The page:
James Hinchcliffe gets boost from Iowa win heading into Toronto Indy

James Hinchliffe talked about the different quirks of the track at the Honda Indy Toronto, which adds to the charm but also challenge of the event.

TORONTO — If everything falls into place at his home track, James Hinchcliffe could take the checkered flag on back-to-back weekends.

The Oakville, Ont., native heads into the Honda Indy in Toronto this weekend fresh off a come-from-behind victory over Josef Newgarden at the Iowa Corn 300 on Sunday.

Newgarden — the defending champion at the upcoming 2.84-kilometre race at Exhibition Place — led for 229 of the 300 laps before Hinchcliffe made a move and capitalized on the American getting stuck in lapped traffic at the Iowa Speedway. Newgarden finished fourth.

Despite carrying the momentum of his first victory of the season, the Schmidt-Peterson Motorsports driver is cautious about his odds of unseating Newgarden and breaking through in Toronto after two straight years of third-place finishes.

But Hinchcliffe believes he and his team have what it takes to seize on an opportunity, much like his result in Iowa.

“You have to go in with that mindset,” the 31-year-old said in a phone interview Sunday.

“It takes a thousand factors going just right to win one of these races, so every weekend we go into the race thinking, ‘we’ve got a shot,”‘ said Hinchcliffe, adding that IndyCar’s new aero kits have added another unknown as they’ve behaved differently on each course.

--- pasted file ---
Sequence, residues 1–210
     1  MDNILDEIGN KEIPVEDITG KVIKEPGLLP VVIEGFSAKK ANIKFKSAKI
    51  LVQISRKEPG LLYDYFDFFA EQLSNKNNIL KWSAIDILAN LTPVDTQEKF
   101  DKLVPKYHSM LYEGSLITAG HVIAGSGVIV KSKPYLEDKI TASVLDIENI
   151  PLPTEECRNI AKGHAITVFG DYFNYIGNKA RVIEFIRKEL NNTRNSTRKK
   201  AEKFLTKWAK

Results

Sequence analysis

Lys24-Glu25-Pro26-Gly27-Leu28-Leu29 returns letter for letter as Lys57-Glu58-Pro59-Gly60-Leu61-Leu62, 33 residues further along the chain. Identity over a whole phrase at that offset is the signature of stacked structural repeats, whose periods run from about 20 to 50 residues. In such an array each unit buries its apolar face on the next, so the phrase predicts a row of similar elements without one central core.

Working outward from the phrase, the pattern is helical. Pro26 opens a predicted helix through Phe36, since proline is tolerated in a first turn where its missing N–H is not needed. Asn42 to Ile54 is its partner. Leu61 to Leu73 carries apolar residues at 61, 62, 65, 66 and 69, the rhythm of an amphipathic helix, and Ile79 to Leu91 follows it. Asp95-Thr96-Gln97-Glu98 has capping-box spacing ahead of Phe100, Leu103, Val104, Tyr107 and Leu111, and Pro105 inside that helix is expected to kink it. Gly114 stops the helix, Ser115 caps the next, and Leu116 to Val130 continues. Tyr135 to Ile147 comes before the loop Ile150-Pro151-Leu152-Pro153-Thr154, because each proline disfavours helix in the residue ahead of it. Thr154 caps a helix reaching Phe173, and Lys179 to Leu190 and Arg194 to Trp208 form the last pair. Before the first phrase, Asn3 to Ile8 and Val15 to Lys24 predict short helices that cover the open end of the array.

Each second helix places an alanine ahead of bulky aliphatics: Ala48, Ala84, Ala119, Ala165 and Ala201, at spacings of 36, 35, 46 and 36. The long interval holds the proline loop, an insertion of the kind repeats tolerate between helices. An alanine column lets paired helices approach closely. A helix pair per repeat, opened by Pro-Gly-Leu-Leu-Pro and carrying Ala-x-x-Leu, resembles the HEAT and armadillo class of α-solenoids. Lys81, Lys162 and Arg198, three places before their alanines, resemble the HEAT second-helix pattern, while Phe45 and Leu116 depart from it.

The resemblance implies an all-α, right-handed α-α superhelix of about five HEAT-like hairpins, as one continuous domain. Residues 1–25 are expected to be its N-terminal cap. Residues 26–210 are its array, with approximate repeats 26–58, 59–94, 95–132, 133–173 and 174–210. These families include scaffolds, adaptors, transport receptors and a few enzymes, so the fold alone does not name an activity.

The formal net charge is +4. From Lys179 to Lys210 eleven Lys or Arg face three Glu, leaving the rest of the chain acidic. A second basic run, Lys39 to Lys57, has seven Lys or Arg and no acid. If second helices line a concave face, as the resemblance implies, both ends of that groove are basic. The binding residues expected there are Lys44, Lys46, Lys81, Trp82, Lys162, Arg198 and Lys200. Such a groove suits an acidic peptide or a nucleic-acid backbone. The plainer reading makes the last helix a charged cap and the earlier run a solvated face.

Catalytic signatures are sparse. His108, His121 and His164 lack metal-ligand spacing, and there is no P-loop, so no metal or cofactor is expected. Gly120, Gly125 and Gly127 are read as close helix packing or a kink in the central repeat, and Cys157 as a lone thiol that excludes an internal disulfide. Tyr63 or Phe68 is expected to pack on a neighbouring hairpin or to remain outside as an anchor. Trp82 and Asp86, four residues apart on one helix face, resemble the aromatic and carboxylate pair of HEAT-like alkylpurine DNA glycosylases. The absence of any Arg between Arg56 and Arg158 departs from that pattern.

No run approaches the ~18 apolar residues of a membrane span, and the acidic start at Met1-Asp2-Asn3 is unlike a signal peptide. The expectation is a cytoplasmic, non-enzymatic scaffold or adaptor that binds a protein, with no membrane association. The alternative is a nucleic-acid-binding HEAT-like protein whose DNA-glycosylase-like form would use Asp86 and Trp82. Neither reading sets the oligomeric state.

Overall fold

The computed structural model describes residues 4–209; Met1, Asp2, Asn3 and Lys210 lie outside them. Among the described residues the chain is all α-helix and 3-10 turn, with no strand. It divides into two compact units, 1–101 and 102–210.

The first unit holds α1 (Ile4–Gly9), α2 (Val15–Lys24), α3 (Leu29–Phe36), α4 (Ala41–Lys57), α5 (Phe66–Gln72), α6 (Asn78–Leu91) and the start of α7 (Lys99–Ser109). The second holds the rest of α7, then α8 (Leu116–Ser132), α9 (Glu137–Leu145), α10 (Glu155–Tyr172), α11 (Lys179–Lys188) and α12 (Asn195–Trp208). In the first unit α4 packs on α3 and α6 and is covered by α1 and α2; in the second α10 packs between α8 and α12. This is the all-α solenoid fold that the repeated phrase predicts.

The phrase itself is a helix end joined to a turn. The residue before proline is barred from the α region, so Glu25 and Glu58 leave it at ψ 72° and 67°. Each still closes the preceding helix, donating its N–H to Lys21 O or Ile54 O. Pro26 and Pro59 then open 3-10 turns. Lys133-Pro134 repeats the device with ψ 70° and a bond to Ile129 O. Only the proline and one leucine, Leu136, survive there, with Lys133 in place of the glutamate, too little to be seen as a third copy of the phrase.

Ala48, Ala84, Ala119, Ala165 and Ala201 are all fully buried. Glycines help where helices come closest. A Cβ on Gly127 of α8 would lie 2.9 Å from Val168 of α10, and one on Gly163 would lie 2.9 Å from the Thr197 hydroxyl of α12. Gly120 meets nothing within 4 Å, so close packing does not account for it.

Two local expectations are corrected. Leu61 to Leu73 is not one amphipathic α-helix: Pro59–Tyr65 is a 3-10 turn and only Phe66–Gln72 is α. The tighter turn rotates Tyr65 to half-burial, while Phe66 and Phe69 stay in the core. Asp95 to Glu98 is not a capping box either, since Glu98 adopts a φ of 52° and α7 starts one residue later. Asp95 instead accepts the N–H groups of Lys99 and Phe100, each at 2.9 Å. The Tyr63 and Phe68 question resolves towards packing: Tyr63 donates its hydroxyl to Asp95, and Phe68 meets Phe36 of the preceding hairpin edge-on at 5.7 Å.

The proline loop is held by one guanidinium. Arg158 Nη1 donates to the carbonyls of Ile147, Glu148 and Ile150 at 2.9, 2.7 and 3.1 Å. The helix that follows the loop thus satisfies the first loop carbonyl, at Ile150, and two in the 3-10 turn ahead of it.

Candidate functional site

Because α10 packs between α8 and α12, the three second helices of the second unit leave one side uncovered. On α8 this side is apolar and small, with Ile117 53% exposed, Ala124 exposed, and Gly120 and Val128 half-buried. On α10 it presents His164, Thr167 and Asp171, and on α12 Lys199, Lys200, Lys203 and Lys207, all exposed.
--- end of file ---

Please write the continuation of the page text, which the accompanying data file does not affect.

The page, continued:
Hinchcliffe admitted he didn’t even consider the possibility of overtaking Newgarden on Sunday.

“Honestly, we were just kind of racing for second. We didn’t think we had anything for Josef, he just had such a hooked-up car. But in the last stop the guys made a change and our car really just came alive,” he said.

“And to be able to catch up to him and put the pass on him, even at that point, I was fully expecting a tight race because he had been so quick. I figured we’d probably pass each other a couple of times back and forth before the day was done, but ultimately we built up a cushion and we had enough room and we were able to seal the deal.”

It was a much-needed win for Hinchcliffe, who failed to qualify for the Indianapolis 500 and sputtered to three finishes of 10th or worse in four starts since.

“It’s a huge moral boost and it justifies all the hard work we’ve put in since the Indy,” he said.

“We said from the get-go we weren’t going to let what happened in May make us lose our focus, get down or lose our motivation. If anything, it was going to motivate us more.”

He sits eighth in the points standings, 24 behind fellow Canadian and teammate Robert Wickens and 131 back of leader Scott Dixon.

Hinchcliffe hopes his victory in Iowa can inject some life into his team.

“It’s definitely going to be tough to catch the leaders, but to claw back into a solid top five, top six, from where we were in Detroit (the race following the Indy 500), that would be huge. The team’s really capable. I think we can get it done,” he said.

And he is looking forward to his first shot at doing so on the course where he feels most comfortable. Where he first fell in love with racing at 18 months old. And where he has the support of his hometown fans.

“Confidence can breed more confidence, and that can breed success,” he said.

“So it’s nice coming in off a streak of good weekends for us and, obviously, topping that off with the win. … And, just in general, it’s so great to come home. I love racing in Toronto.”

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